Finance The $2.6 trillion asset manager behind the 'Fearless Girl' statue is putting its money where its mouth is

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State Street Global Advisors has voted against 400 companies that haven't moved toward including more women on their boards.

Fearless Girl play

Fearless Girl

(Drew Angerer/Getty Images)
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  • State Street Global Advisors, a huge asset manager, called for the companies it invests in to improve their gender diversity – or else face a vote against them.
  • The call came as part of State Street's installment of "Fearless Girl," a statue of a defiant girl in front of downtown Manhattan's Wall Street bull.
  • State Street has since followed through on its promise, voting against 400 companies that failed to act.

The $2.6 trillion asset manager behind the"Fearless Girl" statue is putting its money where its mouth is.

State Street Global Advisors, one of the world's largest money managers, installed in March a statue of a defiant girl in front of the Wall Street bull in downtown Manhattan. As part of that rollout, State Street vowed to take action against companies that it holds which don't take action to increase their boards' gender diversity.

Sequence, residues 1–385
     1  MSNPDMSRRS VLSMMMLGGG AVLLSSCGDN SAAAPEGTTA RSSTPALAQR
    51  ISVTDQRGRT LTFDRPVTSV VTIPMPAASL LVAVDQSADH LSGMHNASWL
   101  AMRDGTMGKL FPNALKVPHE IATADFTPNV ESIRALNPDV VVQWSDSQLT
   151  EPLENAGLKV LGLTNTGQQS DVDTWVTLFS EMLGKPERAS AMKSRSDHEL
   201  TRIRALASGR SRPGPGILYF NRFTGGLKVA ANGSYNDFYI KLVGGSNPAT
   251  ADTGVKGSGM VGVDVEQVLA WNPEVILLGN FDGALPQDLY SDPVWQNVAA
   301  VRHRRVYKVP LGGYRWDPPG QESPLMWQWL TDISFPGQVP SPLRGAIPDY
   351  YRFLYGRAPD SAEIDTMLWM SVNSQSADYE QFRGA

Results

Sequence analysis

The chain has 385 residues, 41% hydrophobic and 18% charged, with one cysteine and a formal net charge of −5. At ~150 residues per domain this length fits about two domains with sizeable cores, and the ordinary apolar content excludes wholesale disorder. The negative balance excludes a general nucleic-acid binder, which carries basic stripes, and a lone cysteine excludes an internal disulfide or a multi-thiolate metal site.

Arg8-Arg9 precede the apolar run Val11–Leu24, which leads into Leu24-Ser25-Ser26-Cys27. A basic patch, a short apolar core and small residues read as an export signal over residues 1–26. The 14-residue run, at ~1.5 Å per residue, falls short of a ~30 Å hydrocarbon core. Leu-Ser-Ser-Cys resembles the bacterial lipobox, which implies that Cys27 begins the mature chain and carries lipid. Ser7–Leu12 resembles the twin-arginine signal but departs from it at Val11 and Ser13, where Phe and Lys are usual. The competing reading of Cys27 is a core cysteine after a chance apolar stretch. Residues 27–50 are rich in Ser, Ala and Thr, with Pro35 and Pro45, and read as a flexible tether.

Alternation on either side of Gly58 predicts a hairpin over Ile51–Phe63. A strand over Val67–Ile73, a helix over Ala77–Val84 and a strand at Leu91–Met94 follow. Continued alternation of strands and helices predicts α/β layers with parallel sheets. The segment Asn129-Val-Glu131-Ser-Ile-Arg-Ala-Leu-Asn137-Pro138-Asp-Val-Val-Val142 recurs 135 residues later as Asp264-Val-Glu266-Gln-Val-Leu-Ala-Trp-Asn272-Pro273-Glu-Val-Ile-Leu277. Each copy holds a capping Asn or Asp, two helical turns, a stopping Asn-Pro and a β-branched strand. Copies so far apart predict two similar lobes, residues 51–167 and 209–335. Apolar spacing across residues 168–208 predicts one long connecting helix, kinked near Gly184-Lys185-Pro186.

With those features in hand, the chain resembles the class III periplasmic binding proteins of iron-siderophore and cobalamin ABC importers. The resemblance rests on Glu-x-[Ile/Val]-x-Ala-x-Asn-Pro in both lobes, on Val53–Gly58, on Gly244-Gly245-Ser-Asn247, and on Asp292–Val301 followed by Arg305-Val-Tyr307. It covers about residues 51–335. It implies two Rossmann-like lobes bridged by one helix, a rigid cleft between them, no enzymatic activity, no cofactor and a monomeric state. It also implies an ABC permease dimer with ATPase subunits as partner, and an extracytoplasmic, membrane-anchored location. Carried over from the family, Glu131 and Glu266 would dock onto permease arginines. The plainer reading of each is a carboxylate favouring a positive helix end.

State Street has since voted against 400 of those companies.

"Basically, we hold these companies forever," said Lynn Blake, the CIO of Global Equity Beta Solutions. State Street is a major player in passive investing, which means that they hold stocks of companies in major market indexes.

"We’re the epitome of a long term investor and the only way we can influence companies is by active engagement and ultimately our vote," Blake added.

State Street declined to identify the companies it voted against, but said that the vast majority of the companies – 394 of the 400 – are based in the US.

Over the past few months, during proxy voting season mostly in the US, State Street identified 476 companies that didn't have any women on their boards. Four hundred of them didn't take any action to increase their diversity.

In turn, State Street voted against the reelection of the chair or the most senior member of the nominating and governance committee – those that identify future directors – at those companies.

It is becoming increasingly common for investors to call for change at the companies they hold, though State Street may have taken one of the most vocal steps yet.

Its competitor, BlackRock, the world's largest asset manager, "voted against board members at five companies who sat on nominating committees but failed to respond to investors' concerns about diversity," per Reuters.

To be sure, State Street also has its own gender problem, with women making up only one in five employees at the firm's investment unit, and only three women on the company's 11-person board. The company has said it is working on improving that ratio.

State Street Global Advisors managed $2.6 trillion as of June 30, a representative said.